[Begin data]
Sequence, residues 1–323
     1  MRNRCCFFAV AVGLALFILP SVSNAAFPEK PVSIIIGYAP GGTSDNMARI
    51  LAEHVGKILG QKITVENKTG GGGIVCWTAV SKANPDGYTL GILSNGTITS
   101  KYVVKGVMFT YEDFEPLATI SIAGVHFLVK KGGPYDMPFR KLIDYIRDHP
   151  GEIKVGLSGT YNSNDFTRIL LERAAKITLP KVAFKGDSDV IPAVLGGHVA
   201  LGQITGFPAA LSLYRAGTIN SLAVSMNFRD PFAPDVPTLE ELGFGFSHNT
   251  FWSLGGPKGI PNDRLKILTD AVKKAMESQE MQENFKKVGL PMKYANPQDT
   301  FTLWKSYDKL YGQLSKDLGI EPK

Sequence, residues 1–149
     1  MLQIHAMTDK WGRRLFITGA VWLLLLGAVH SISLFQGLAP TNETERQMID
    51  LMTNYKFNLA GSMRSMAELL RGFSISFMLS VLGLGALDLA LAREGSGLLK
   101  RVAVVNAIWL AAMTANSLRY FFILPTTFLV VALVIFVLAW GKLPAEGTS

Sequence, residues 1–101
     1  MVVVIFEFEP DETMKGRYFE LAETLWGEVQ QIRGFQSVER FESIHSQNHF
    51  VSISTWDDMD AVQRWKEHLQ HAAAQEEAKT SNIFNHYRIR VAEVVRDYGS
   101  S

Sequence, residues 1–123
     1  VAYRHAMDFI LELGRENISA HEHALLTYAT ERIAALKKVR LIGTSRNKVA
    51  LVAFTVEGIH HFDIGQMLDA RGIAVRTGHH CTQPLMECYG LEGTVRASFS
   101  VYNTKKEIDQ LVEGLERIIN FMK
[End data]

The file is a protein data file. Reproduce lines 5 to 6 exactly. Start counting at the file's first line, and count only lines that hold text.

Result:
   151  GEIKVGLSGT YNSNDFTRIL LERAAKITLP KVAFKGDSDV IPAVLGGHVA
   201  LGQITGFPAA LSLYRAGTIN SLAVSMNFRD PFAPDVPTLE ELGFGFSHNT